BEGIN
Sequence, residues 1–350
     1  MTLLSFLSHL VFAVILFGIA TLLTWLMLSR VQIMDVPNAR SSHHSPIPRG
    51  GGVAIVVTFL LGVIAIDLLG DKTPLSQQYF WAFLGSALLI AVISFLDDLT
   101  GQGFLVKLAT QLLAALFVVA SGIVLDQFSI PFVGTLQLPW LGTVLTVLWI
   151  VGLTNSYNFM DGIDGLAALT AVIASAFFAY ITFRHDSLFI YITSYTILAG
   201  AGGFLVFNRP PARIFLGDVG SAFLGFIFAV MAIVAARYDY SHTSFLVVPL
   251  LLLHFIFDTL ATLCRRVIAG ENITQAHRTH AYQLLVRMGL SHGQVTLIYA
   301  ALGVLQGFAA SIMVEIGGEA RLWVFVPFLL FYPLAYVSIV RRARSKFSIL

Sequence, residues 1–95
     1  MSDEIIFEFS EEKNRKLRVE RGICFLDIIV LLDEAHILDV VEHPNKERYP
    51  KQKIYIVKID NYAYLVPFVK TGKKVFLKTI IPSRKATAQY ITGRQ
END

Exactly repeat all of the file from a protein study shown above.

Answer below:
Sequence, residues 1–350
     1  MTLLSFLSHL VFAVILFGIA TLLTWLMLSR VQIMDVPNAR SSHHSPIPRG
    51  GGVAIVVTFL LGVIAIDLLG DKTPLSQQYF WAFLGSALLI AVISFLDDLT
   101  GQGFLVKLAT QLLAALFVVA SGIVLDQFSI PFVGTLQLPW LGTVLTVLWI
   151  VGLTNSYNFM DGIDGLAALT AVIASAFFAY ITFRHDSLFI YITSYTILAG
   201  AGGFLVFNRP PARIFLGDVG SAFLGFIFAV MAIVAARYDY SHTSFLVVPL
   251  LLLHFIFDTL ATLCRRVIAG ENITQAHRTH AYQLLVRMGL SHGQVTLIYA
   301  ALGVLQGFAA SIMVEIGGEA RLWVFVPFLL FYPLAYVSIV RRARSKFSIL

Sequence, residues 1–95
     1  MSDEIIFEFS EEKNRKLRVE RGICFLDIIV LLDEAHILDV VEHPNKERYP
    51  KQKIYIVKID NYAYLVPFVK TGKKVFLKTI IPSRKATAQY ITGRQ